NEW DELHI - Prime Minister Narendra Modi is set to name Amit Shah, the president of his Hindu nationalist Bharatiya Janata Party (BJP), as his new finance minister, according to several Indian media reports.
As Modi's right-hand man and long-time strategist, Shah showed his acumen by masterminding the BJP's landslide spring election victory.
But there are questions about his lack of central government experience and financial background, especially at a time when growing signs of weakness in Asia's third-largest economy mean a trusted hand is needed at the finance policy helm.
Modi is expected to announce his cabinet within hours, after being sworn in on Thursday evening at an open-air ceremony outside the colonial-era presidential palace with some 8,000 guests including Bollywood stars and leaders of neighbours Bangladesh and Sri Lanka.
The BJP swept to victory in the national election, held over 39 days in April and May, and increased its majority in the lower house of parliament.
If the media reports are correct, Shah would replace Arun Jaitley, who wrote to Modi on Wednesday asking not to be considered for a ministerial position because of health problems.
Shah would be taking over the finance portfolio at a sensitive time. He will probably need to move quickly to stimulate an economy beset by weak farm incomes, slow jobs growth and falling sales of key consumer goods including cars and motorbikes.
This week, two major industrial bodies called on the new government to take steps to bolster a growth rate that slowed to 6.6% in the three months to December - the lowest in five quarters - and is expected to have dropped further to 6.3 percent between January and March.
GETS THINGS DONE
Several investors and traders said they did not expect Indian markets to react much if Shan's appointment was confirmed as they believed his ability to get things done would offset his lack of financial experience.
"The hallmark of this government is that there’s more PMO (Prime Minister's Office)-driven strategy and guidance. So, to that extent, you don’t need a proper technocrat to run the finance ministry - you need someone who can get things done," said Jayesh Shroff, co-founder of investment advisory firm Cask Capital.
Others were more wary. "We have no clue of what this guy knows or his financial knowledge. The market will take some time to understand his views," said a trader at a private bank, who declined to be identified.
A senior debt manager said Shah could be a big asset in the job given his experience across many Indian states and the importance of revenue from the goods and services tax that was brought in in 2017. "That is all built on state-centre coordination," he said.
In the election campaign, Shah helped rouse the BJP's nationalist base and make up for the loss of key state elections in December. Part of his strategy included deftly exploiting national security fears.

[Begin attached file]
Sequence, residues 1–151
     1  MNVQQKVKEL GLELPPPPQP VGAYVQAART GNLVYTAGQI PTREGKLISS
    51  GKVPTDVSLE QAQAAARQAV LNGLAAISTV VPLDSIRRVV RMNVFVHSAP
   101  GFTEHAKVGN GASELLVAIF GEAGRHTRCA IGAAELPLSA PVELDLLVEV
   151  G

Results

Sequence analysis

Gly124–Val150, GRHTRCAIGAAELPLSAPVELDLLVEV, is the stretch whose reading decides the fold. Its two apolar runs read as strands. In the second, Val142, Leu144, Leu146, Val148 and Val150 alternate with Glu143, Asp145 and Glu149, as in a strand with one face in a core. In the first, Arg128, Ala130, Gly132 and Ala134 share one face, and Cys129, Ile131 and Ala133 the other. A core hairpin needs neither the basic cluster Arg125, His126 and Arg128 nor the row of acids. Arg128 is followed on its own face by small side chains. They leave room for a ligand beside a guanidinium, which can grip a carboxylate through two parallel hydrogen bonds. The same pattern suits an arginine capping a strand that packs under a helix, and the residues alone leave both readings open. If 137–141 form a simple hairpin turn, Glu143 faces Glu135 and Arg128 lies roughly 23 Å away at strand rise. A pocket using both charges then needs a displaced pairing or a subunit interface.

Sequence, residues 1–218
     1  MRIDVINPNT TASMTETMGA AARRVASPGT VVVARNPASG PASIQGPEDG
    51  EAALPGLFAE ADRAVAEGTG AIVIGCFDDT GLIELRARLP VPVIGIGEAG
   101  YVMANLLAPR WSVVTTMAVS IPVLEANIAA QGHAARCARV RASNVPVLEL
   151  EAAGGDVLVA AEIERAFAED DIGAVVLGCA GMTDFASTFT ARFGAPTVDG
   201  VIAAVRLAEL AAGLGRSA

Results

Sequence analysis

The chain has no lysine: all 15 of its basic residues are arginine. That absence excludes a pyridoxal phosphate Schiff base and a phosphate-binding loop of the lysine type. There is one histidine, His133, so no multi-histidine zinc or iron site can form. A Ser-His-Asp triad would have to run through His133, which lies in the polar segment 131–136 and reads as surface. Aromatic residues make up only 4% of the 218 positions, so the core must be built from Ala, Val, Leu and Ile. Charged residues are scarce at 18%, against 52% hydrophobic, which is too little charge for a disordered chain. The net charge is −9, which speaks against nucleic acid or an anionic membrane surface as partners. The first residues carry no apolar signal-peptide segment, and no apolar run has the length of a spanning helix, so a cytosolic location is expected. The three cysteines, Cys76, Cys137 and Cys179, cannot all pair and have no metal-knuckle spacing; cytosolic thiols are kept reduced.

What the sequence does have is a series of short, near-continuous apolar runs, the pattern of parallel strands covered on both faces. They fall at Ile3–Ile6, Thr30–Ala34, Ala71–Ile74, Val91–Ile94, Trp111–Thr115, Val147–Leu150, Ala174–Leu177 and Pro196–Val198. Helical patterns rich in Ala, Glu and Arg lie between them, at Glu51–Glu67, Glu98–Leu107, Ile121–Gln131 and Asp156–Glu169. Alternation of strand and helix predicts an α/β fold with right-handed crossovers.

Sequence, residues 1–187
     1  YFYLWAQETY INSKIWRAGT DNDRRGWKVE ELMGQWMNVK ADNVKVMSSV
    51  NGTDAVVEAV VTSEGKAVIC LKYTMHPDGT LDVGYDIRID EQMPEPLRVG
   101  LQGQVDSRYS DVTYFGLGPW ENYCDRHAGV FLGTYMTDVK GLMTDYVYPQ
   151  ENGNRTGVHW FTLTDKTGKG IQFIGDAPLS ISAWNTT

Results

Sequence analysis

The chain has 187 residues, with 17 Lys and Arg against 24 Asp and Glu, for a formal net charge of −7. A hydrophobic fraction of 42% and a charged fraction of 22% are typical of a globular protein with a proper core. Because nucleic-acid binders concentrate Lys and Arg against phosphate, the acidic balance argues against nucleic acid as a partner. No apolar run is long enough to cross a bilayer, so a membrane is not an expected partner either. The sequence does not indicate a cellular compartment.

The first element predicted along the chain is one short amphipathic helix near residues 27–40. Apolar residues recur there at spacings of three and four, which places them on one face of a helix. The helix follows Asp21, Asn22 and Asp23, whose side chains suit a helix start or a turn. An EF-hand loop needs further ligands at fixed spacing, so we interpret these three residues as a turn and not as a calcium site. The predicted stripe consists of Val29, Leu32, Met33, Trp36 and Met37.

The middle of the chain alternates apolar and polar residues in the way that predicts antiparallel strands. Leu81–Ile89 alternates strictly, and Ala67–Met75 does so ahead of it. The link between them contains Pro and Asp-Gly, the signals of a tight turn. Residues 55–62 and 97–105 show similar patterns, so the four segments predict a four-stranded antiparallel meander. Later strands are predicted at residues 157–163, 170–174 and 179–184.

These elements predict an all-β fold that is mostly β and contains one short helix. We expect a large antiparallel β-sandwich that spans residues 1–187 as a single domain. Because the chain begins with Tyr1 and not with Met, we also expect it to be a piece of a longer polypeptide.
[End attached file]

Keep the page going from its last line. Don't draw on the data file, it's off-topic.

India will also have a new foreign minister, with incumbent Sushma Swaraj, who has had health issues, sitting among the audience but not on the dais with Modi's new ministerial team.
In the federal Indian system of appointments, ministers are sworn in before their specific positions are announced.
A potential replacement for Swaraj could be former foreign secretary, S. Jaishankar, who was on the dais. A former ambassador to the United States and China, Jaishankar led India’s diplomatic corps during Modi’s first term before retiring in early 2018 and subsequently joining the Tata Group conglomerate.
Shah and Jaishankar were not immediately available for comment.
Many other ministers who are also senior members of the ruling coalition are expected to retain their cabinet jobs.
But Modi, the 68-year-old son of a tea seller, could also promote fresh faces to reward a good performance in the seven-phase election.
He focused his election campaign on national security, after tension with old rival Pakistan surged in February over a deadly bomb attack on security forces in the disputed region of Kashmir, which was claimed by Pakistan-based militants.
Notably, the leader of Pakistan was not invited to the inauguration.
"India is proud of all those brave men and women martyred in the line of duty," Modi said after visiting a war memorial near parliament on Thursday.
"Our government will leave no stone unturned to safeguard India’s unity and integrity. National security is our priority."
The BJP controls 303 of the 545 seats in the lower house, which might tempt Modi to push for controversial land and labour reforms to help stimulate the economy.
Modi enacted reforms such as a goods and services tax and a bankruptcy law in his first five-year term, but faced criticism for failing to create enough jobs for people entering the job market, weak farm prices and tepid growth.
India's main opposition Congress party is trying to pick up the pieces after its second straight election loss.
Its president, Rahul Gandhi, has offered to resign. The party said on Thursday it would not let representatives take part in televised debates for a month while it analyses its defeat.